Use this URL to cite or link to this record in EThOS: http://ethos.bl.uk/OrderDetails.do?uin=uk.bl.ethos.707552
Title: Technologies to study protein oxidation in ageing : investigating the effect of protein oxidation on protein function
Author: Calimport, Stuart
ISNI:       0000 0004 6062 6793
Awarding Body: Aston University
Current Institution: Aston University
Date of Award: 2017
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Abstract:
Protein oxidation can cause aggregation, fragmentation, and affect enzymatic activity and binding partner interactions. Protein oxidation is implicated in a range of agerelated pathologies including neurodegeneration and cancer. The VHR and PTEN phosphatases studied are sensitive to oxidation and regulated by protein-protein interactions. PTEN acts by dephosphorylating phosphatidylinositol (3,4,5)-triphosphate, negatively regulating the Akt pathway as part of a signalling control network that can protect against apoptosis, and is involved in the regulation of cell fate regulation and cancer. VHR is involved in neural development and cancer. A technology workflow for detecting protein oxidation and to correlate oxidative modifications to enzymatic activity and protein-protein interaction was developed; which may contribute towards the advancement of fundamental science as well as potential therapeutic and biomarker target identification in proteins. The technology platform consists of the mass spectrometric technique MS2 to detect, validate, map and quantify oxidative modifications. The technology workflow consists of enzymatic activity assays to correlate modification with changes in activity, targeted MS2 and statistical analysis. The fundamental and distinct contribution to knowledge in this thesis is a systematic mapping of protein oxidative modifications over a range of oxidants and concentrations of hypochlorous acid (HOCl), 3-morpholino-sydnonimine (sin-1) and tetranitromethane for VHR (vaccinia H1 related) and PTEN (phosphatase and tensin homolog on chromosome 10), including modification identification including active site residues and putative binding domain, mapping the relative abundances of those modification and statistically correlating them to changes in enzymatic activity. Additional contributions to knowledge have been i) the nonspecificity and complexity of oxidation profiles and oxidant damage of nitrating agents, that have largely been proposed to be specific without substantial oxidative capacity and ii) expanding the known interactome of VHR (vaccinia H1 related) through array and co-immunoprecipitation.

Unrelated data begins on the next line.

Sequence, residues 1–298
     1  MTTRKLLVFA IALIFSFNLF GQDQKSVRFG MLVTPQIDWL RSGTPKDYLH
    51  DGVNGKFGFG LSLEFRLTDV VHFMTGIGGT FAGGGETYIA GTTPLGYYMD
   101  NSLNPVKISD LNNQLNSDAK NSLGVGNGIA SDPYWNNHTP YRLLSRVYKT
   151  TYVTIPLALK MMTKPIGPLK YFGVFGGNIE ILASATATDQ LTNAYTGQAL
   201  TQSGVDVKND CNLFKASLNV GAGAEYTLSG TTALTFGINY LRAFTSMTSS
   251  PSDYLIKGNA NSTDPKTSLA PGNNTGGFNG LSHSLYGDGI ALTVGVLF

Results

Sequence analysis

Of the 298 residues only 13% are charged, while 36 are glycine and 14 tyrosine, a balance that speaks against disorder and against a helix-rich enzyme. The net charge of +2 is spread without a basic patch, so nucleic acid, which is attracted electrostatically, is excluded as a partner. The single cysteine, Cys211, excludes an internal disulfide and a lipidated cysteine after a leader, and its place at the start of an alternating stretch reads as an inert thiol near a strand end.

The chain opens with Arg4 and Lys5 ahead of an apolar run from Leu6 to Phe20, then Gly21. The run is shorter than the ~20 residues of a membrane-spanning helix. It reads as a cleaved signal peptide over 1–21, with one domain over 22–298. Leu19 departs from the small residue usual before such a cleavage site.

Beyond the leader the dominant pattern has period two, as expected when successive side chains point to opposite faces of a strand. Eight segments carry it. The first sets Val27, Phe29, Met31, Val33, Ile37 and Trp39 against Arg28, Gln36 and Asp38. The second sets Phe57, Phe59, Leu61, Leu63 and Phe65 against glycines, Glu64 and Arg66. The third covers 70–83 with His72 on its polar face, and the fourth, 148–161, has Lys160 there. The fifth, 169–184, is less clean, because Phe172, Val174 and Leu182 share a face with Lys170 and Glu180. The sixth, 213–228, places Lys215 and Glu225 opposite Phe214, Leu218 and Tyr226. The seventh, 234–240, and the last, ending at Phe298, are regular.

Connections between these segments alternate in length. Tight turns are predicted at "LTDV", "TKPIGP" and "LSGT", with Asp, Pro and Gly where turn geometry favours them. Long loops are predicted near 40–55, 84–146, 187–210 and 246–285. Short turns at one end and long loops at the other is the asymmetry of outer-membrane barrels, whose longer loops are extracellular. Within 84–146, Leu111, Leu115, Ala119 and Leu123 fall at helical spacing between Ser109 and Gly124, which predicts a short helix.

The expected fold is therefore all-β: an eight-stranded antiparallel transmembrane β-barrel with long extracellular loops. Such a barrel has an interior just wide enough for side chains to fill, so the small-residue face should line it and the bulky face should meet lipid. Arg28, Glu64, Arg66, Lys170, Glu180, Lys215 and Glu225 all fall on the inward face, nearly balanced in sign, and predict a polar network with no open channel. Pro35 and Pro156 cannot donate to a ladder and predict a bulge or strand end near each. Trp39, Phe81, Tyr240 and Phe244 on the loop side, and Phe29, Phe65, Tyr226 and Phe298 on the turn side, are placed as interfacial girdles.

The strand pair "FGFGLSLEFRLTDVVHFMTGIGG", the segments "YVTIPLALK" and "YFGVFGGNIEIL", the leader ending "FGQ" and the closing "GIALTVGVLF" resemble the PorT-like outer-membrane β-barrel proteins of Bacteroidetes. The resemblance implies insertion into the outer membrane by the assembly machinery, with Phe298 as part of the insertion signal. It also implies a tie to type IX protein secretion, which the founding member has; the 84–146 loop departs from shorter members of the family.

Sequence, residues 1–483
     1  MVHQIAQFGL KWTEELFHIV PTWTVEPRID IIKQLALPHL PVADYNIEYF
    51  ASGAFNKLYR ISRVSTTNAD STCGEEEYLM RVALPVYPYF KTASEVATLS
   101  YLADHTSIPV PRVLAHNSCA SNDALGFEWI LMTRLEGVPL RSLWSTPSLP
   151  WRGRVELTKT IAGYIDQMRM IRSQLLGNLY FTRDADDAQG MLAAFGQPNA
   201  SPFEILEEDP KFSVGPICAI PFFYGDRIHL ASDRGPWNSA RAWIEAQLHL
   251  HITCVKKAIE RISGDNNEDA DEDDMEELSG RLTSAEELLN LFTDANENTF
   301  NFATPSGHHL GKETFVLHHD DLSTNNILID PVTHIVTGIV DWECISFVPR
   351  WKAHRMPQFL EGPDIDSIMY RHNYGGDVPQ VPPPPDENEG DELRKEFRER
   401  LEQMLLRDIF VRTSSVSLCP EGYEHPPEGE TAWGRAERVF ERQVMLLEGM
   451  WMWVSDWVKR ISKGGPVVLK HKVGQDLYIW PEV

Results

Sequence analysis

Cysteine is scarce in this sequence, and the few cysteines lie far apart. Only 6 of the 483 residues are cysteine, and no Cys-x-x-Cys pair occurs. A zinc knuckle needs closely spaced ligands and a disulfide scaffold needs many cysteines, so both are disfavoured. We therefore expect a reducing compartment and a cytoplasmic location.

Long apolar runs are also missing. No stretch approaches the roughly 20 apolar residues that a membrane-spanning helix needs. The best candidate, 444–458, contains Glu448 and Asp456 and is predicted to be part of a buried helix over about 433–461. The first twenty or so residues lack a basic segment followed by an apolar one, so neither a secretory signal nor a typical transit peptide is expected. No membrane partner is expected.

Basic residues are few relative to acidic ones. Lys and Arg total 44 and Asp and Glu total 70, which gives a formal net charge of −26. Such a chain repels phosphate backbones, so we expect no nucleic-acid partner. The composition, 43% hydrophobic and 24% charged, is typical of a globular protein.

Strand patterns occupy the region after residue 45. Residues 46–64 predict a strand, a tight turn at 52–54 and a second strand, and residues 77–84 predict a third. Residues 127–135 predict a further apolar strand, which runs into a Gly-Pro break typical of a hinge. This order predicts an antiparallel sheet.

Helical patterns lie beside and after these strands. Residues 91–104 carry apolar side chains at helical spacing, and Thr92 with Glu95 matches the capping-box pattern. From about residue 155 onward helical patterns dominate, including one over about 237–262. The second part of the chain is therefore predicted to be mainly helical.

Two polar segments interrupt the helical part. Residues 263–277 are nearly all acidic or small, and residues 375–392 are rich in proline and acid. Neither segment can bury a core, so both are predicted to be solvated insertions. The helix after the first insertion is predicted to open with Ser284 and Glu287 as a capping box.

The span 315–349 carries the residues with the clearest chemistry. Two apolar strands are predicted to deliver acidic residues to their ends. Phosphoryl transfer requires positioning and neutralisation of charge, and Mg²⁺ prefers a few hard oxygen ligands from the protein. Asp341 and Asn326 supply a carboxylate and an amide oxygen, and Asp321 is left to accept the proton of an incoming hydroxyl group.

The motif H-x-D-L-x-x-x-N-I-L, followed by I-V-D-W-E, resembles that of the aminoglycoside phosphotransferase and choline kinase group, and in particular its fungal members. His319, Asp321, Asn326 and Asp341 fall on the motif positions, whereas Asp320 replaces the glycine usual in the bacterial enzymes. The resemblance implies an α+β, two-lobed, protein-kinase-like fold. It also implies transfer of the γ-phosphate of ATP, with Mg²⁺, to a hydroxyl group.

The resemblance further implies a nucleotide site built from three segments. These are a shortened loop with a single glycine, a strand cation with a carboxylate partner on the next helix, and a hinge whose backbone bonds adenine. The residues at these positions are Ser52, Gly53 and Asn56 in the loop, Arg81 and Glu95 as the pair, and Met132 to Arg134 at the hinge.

Supervisor: Not available Sponsor: Not available
Qualification Name: Thesis (Ph.D.) Qualification Level: Doctoral
EThOS ID: uk.bl.ethos.707552  DOI: Not available
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